An oxymoron (plural: oxymora), which is derived from the Greek words oxy meaning “sharp” and moron meaning “dull” is a play on words in which contrasting ideas are placed together in order to create an effect. Oxymora typically come in the pattern of adjective-noun with opposite meanings, e.g., “pretty fierce” or “walking dead.” However, it is worth noting that oxymora can come in the form of a phrase, e.g., “Sometimes you must lose yourself to find yourself.”
Difference between Oxymoron and Paradox
When using oxymora, it is important not to confuse it with the paradox. The former joins together two seemingly contradictory or contrasting words. On the other hand, the latter is a seemingly absurd or self-contradictory observation consisting of full sentences. Another point is that while a paradox would seem to be contradictory, it is implicitly true. Meanwhile, an oxymoron is used for dramatic license, but on the face is nonsensical. Oxymora are prevalent in literature as well as everyday conversation.
Common Examples of Oxymoron
Alone in a crowd
Oxymoron Examples in Literature
Below are two extracts from Paradise Lost written by John Milton.
“What in me is dark Illumines, what is low raise and support; That to the height of this great Argument I may assert Eternal Providence, And justify the way of God to men…”
Milton uses oxymora to great effect to indicate the removal of sin from humankind and to have them eradicated from “dark” to “illumines,” and “low” to “raise.” This contradiction tells of the choices that humans were given after being cast out of Eden, to either demonstrate contempt for God like Satan or to obey Him. The righteous choice of man resulted in Jesus’ death and resurrection, which renewed the connection between humanity and God.
“A dungeon horrible, on all sides round, As one great furnace, flamed; yet from those flames no light, but rather darkness visible…”
These oxymora describe the warped conditions of Hell, in which flames exist but contain no light, only darkness. The obvious implications are that since light is a symbol of goodness, it could not possible exist in a place as evil as Hell.
“The World is Too Much With Us,” written by Williams Wordsworth.
“Little we see in Nature that is ours;
We have given our hearts away, a sordid boon!”
In this sonnet, Williams offers some criticism that has been common since at least the Industrial Revolution. Our advancements as a civilization come at the cost of eliminating the wonders of nature. In this case, “boon” means advantage, or benefit. By combining sordid (unsavory) with the boon, he is casting a benefit (an otherwise positive term) in a negative light. These two words negate each other in a division that threatens our appreciation for the simple and natural.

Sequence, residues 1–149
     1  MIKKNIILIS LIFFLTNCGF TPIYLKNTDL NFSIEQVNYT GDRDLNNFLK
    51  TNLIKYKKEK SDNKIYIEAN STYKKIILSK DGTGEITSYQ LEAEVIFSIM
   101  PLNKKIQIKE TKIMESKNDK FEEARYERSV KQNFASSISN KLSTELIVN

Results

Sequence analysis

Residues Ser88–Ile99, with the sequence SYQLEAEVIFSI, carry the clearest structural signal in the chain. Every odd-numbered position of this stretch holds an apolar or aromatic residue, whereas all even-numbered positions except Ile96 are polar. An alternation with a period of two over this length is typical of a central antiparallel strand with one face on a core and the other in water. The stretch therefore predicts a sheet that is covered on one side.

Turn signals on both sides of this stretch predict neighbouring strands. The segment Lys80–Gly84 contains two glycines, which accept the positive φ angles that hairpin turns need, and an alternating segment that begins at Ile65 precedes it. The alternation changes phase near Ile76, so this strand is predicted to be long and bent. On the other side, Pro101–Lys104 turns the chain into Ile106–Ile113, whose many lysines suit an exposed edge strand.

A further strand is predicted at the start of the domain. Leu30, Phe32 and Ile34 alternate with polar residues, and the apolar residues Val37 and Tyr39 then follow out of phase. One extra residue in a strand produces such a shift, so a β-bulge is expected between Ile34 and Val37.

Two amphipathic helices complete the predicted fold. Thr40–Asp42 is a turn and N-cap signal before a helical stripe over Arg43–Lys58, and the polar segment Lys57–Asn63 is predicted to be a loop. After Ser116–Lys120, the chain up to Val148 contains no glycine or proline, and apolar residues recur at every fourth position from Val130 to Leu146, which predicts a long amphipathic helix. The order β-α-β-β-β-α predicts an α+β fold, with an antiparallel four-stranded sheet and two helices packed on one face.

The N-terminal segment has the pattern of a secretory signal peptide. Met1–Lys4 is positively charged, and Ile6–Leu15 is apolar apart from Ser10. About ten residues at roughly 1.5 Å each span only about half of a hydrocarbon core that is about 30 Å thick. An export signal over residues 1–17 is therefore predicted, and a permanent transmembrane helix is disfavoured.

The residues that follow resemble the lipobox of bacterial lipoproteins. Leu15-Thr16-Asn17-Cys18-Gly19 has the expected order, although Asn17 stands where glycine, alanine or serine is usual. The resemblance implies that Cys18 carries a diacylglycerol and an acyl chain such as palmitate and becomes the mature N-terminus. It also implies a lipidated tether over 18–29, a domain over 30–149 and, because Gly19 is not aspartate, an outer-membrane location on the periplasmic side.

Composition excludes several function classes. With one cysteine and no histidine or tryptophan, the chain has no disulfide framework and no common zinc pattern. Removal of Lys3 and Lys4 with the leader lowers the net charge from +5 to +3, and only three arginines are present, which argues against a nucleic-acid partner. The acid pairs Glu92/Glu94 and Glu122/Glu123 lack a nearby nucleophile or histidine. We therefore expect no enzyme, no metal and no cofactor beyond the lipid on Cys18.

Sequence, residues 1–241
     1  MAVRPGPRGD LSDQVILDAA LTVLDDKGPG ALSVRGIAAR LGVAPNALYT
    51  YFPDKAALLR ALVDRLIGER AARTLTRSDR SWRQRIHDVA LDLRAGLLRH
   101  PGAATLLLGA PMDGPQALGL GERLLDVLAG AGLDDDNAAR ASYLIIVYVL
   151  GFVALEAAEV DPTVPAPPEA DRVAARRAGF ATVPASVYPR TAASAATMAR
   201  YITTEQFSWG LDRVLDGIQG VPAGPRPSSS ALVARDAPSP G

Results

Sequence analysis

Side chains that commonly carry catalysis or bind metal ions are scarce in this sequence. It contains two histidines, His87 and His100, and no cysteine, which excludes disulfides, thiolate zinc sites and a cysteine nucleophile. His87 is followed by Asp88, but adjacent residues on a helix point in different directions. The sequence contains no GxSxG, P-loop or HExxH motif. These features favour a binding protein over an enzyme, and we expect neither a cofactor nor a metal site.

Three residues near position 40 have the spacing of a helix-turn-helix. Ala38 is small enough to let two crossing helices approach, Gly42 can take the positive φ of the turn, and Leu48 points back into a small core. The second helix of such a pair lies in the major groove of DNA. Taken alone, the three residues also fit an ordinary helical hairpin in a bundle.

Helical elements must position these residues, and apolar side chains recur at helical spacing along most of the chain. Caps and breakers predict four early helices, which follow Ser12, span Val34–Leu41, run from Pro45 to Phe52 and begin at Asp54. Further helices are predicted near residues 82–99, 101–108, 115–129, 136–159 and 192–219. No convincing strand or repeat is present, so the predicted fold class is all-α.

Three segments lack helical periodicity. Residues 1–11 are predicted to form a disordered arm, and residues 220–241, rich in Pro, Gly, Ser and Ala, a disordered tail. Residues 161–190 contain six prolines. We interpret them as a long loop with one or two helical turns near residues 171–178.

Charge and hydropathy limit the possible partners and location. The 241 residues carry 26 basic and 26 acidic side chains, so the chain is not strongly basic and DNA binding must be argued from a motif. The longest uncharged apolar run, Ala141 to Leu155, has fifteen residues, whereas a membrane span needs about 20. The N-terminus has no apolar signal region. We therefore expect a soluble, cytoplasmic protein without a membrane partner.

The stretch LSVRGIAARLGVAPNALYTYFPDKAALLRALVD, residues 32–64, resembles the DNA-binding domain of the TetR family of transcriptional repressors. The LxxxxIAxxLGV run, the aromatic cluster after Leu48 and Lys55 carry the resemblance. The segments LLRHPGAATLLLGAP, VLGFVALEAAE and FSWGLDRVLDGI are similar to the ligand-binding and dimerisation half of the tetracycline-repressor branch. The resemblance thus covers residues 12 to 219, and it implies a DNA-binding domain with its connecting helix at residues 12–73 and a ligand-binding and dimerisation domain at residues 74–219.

“Romeo and Juliet,” written by Williams Shakespeare.
“Beautiful tyrant! Fiend angelical! Dove-feathered raven, wolvish-ravening lamb!”
After Romeo kills Juliet’s cousin Tybalt in a duel, a furious Juliet uses several oxymora to describe him, signifying who she believed he had been before feeling as though she had been deceived. Shakespeare effectively employs this by first assigning a positive characteristic (beautiful) to a negative object (tyrant), then an unflattering object (fiend) is paired up with a positive attribute (angelical), attributes of a dove are placed on a raven, and the aggressive behaviors of a wolf are assigned to a lamb.
Function of Oxymoron
An oxymoron can be used to great emotional effect whether in a poem or short story. For instance, virtually everybody is familiar with the expression, “parting is sweet sorrow” from Romeo and Juliet. When we read or hear somebody speak these words, it immediately appeals to our senses. It is thought-provoking and leads us to contemplate the meaning of contradicting ideas. On the surface, this expression appears confusing because the feeling of sorrow is hardly a sweet emotion. On the other hand, while it is sad to say goodbye to somebody, the anticipation of seeing them again is worth feeling happy about. This expression highlights the complexity of love in a succinct manner that cannot be stated in any other way.
Of course, in regular day-to-day conversation, it is not usual to use an oxymoron to express something as deep or sophisticated. Rather, it serves to demonstrate wit, entertain and make people laugh. An oxymoron adds color and personality to the speaker’s words. For example, Oscar Wilde was known for his ability to, “resist anything, except temptation.” Likewise, legendary baseball player Yogi Berra, in reference to a popular restaurant, once stated, “Nobody goes there anymore. It’s too crowded.”